Low-Impact and No-Trace
Camping & Hiking
As an American, I Will Do My Best to:
Be clean in my outdoor manners.
Be careful with fire.
Be considerate in the outdoors.
-- The Outdoor Code
Back-country areas are places to seek solitude and a "wilderness experience"
away from crowds, noise, and daily pressures of life. By using Leave No Trace skills,
trail users can reduce their impact on the diverse, fragile, and spectacular areas in our
country. The following are guidelines that will assist trail users in successfully
enjoying the American wilderness.
Leave only footprints
Take only memories
Seven Keys to Low-Impact and No-Trace Camping
- Wear a uniform or other clothing that will blend into your surroundings.
- Obtain as much information as possible before venturing out. This includes topographic
maps, recreation maps, information sheets, and guidebooks.
- Learn about regulations and restrictions of the area prior to traveling.
- Avoid popular areas during times of high use.
- Select areas that are right for your activities.
- Plan 12 or fewer in your group or patrol.
- Check ahead to see if the area can accommodate and/or will allow your group size.
- Repackage food into lightweight containers that can easily be carried out with you.
- Be prepared to filter or boil all water during your trip.
- Leave a detailed itinerary with someone prior to venturing out.
- Take along trash bags and use them.
- Stay on designated trails and avoid any cross-country travel.
- If unavoidable, select hard ground or snow for cross-country travel.
- Do not cut across switchbacks.
- Read your map carefully to avoid having to build cairns.
- When encountering equestrians, step to the downhill side of the trail and remain quiet.
- Use designated or already impacted campsites when appropriate.
- Choose sites free of fragile plants.
- Hide your campsite from view, out of sight of trails, streams, and lakes.
- Stay as few nights as possible in one place. Before leaving the area, naturalize it as
much as possible.
- Select a campsite 200 feet or more from trails, lakes, streams, trails, and wet meadows.
- Avoid constructing structures or digging trenches.
- Do not ditch tents.
- Use a lightweight stove for cooking rather than building a fire.
- If having a campfire, use existing fire rings instead of building new ones.
- Build fires only were appropriate, away from trees, rocks, shrubs, and meadows.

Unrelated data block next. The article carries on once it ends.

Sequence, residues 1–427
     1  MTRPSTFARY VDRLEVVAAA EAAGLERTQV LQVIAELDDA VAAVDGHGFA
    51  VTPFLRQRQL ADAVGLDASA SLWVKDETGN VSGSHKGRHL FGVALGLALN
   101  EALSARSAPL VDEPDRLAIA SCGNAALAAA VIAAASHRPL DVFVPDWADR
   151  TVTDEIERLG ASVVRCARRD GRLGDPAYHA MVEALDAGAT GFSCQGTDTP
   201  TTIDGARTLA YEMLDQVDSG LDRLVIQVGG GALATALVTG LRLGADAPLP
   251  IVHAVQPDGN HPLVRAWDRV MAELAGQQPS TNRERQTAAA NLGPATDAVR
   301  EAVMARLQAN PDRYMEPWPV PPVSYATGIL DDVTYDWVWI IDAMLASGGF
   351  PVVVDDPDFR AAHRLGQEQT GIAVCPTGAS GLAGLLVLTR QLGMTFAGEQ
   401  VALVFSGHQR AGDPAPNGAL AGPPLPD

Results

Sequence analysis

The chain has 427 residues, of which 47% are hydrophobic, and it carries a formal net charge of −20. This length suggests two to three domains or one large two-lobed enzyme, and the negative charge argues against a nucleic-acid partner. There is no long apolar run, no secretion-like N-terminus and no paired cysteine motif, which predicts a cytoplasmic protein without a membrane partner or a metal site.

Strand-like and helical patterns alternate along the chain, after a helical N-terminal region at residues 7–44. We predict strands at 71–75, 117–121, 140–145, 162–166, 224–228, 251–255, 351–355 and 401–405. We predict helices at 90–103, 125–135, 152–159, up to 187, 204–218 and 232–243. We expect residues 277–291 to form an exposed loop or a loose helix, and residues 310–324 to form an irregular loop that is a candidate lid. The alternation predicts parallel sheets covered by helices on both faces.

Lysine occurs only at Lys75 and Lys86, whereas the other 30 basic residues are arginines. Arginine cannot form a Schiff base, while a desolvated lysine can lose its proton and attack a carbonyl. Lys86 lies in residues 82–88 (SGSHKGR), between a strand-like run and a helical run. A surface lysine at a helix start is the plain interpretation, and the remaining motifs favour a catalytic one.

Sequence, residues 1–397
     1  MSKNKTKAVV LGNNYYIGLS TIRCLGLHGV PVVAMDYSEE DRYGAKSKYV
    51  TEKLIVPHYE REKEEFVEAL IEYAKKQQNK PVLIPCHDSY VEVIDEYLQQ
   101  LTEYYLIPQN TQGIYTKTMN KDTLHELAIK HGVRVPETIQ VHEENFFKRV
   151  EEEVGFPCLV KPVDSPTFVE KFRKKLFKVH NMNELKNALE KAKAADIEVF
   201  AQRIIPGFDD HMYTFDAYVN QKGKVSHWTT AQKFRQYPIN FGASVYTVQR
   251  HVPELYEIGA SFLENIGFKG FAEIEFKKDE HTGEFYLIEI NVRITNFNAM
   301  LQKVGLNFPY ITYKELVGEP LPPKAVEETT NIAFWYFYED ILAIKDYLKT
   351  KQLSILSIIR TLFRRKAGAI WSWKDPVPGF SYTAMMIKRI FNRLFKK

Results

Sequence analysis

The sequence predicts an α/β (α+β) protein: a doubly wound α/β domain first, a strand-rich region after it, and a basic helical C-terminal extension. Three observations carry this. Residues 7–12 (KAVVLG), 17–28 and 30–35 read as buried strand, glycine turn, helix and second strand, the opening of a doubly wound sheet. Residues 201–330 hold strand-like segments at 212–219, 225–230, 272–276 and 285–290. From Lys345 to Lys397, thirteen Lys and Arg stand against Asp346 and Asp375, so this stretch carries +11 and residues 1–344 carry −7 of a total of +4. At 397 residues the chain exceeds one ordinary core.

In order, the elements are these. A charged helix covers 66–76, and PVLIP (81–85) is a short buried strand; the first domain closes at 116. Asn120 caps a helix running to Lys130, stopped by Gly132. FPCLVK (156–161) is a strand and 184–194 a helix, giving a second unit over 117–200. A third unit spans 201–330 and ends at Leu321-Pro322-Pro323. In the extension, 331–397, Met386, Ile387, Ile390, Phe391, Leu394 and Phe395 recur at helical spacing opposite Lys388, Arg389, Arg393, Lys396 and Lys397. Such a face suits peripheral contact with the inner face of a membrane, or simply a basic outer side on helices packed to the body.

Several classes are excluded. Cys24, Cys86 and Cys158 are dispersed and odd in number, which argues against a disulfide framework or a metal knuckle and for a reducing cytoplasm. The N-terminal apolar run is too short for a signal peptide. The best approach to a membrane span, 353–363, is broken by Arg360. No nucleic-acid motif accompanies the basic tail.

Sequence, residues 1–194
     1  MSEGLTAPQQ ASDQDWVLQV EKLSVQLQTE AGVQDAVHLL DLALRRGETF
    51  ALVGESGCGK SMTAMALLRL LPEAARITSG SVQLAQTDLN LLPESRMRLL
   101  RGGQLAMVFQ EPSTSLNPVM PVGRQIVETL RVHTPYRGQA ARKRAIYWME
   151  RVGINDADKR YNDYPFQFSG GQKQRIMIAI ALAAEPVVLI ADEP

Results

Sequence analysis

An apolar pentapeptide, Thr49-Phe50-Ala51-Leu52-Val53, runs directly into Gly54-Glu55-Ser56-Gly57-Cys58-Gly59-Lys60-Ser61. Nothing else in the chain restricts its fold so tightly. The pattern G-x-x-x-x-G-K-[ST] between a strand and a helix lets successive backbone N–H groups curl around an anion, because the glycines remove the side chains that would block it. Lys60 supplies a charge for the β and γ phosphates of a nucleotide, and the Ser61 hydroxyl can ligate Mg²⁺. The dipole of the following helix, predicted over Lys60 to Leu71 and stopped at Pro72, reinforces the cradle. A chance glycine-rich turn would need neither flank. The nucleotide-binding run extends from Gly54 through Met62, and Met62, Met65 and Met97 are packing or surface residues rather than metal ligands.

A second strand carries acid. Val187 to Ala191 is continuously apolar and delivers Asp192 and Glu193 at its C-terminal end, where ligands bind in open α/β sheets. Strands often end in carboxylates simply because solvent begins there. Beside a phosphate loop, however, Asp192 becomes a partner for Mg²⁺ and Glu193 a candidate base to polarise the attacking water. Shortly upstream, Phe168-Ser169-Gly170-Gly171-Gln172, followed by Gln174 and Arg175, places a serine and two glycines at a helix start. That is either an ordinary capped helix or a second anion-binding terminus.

- Make sure the fire is dead out.
- Scatter the ashes and naturalize the area.
- Use only dead and down wood. Never cut green trees or bushes.
- Know the fire restrictions for the area.
- Replace sod or ground cover to erase burn scars.
- Burn food scraps completely in a fire or put them in a plastic bag and carry them out.
- Pack out everything that you pack in.
- Do all washing 50 feet (about 75 steps) away from camp and water sources.
- Dig latrines 200 feet or more from camps, trails, and water sources.
- Bury sump holes and latrines when you are through with them, and restore ground cover.
Horses and Pack Animals
- Keep groups small and carry lightweight equipment.
- Keep the number of animals to a minimum.
- Select a campsite that has enough feed for your stock.
- Keep stock 200 feet or more from lakeshores.
- Bring pellets, grain, or weed-free hay to areas where feed is limited or grazing is not
- Remove (or scatter) manure; Remove excess hay and straw.
- Use hitch lines, hobbles, and pickets to constrain pack animals. Hobble or picket in dry
- Tie to sturdy trees or rope.
- Move picket pins and temporary corrals several times per day.
- Hikers step off a trail to let horses pass.
- Do not pick wildflowers. Enjoy them where they are, then leave them for others to see.
- Keep noise down when you are around other campers and hikers. Personal
electronic audio/video devices other than cameras are a distraction, and
violate the spirit of and reason for wilderness camping; leave them at
home. (Exceptions: radio to listen to weather reports and cell
phone for emergencies in areas where reception is possible)
- Attempt to be as courteous to others as possible. Excessive noise, unleashed pets, and
damaged surroundings distract from the quality experience in the backcountry.
- Please remember that visitors can help preserve these sites for future generations by
not disturbing them in any way.
- The national Leave no Trace program, which advocates leaving minimal impact while using
an area for recreation purposes, is another good source of information. This program
provides comprehensive information that can assist in achieving a stewardship ethic. For
more information, contact: The National Leave No Trace Program 1-800-332-4100
- Boy Scout Handbook (#30176)
Edited by: Bill Nelson, Unit Commissioner, Tempe District,
Grand Canyon Council, Boy Scouts of America. Please let me know of any additions or